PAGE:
Friday, August 07, 2009

All Time Blue Jay Lineup

With the reunion this weekend of the Blue Jay back-to-back World Series wins in 1992 and 1993, I thought I would post my picks for the top Blue Jay by position. Then you realize the mediocre owners have failed to fund a winner in 17 years. Oh well, it's been 42 years for the Maple Leafs.

1st base – Carlos Delgado

Carlos Delgado ranks first among Blue Jay hitter is a number of categories including 336 home runs,1036 RBI's and 343 doubles; he also ranks 2nd with 1413 hits. After a slow start he hit 30+ HR every year from 1997 through 2004. He also had six consecutive 100+ RBI seasons, and three others with 90+. His best season was 2000, when he hit .344 with 57 doubles, 41 HR, 115 R, 137 RBI, and a .470 OBP. He is easily the best slugger the Blue Jays have had to date.

Honourable mention: John Olerud, John Mayberry, Willie Upshaw, Fred McGriff

2nd base – Roberto Alomar

Roberto Alomar is the Blue Jays all-time leading hitter with a .307 average. He only played for Toronto from 1991-1995, but he hit .295 or better every year and stole plenty of bases. In 1993 he hit .326 with 17 HR, 93 RBI, 109 R, and 55 SB. He was an all-star and won Gold Gloves every year. Most people believe he was the Jays best all round player.

Honourable mention: Damaso Garcia, Aaron Hill, Orlando Hudson

Shortstop – Tony Fernandez

Tony Fernandez retired as the Blue Jays all-time leader in games (1,450), at-bats (5,335), hits (1,583), triples (72), second in doubles (291), third in runs (704), total bases (2,198), and average (.297), fourth in walks (439) and stolen bases (172) and fifth in extra-base hits (425). Tony Fernandez also won four straight gold gloves at shortstop (1986-1989). Ironically, his trade to the Padres along with Fred McGriff for Carter and Alomar strengthened the team and made it a World Series contender.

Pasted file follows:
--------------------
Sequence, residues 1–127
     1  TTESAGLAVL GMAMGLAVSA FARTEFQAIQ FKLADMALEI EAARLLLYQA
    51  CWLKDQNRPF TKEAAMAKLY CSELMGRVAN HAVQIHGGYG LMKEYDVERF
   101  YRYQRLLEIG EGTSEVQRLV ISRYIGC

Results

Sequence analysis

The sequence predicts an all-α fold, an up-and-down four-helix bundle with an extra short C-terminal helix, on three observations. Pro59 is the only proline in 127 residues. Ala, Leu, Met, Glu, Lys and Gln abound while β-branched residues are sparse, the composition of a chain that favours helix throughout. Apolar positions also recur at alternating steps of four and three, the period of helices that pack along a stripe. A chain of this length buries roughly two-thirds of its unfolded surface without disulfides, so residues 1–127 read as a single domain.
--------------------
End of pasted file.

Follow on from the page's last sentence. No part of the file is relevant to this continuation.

Honourable mention: Alfredo Griffin, Alex Gonzalez

3rd base – Kelly Gruber

I’ve always felt that the Blue Jays have always been weak at third. For me only two players stood out and for only a limited period. I didn’t even consider Scott Rolen who played like an all star – for one half of a season. So I chose Kelly Gruber who was a fine fielder, and had some power, but really only had one outstanding season, 1990, when he hit .274 with 31 HR and 119 RBI. But he also played more games at third than any other Blue Jay, so he is my pick.

Honourable mention: Ed Sprague

Catcher – Pat Borders

Pat Borders was never was an all -star nor a Gold Glove winner but he will always be a hero in Toronto for outshining all of the stars and future Hall of Famers on the Blue Jays and Braves during the 1992 World Series. After having a solid ALCS, he was the World Series MVP in 1992, when he went 9-20 with three doubles and a home run. I know Ernie Whitt had a better track record during the regular season but winning the World Series is what it’s all about and Borders was a giant-killer.

Honourable mention: Darren Fletcher, Ernie Whitt

Right field – Joe Carter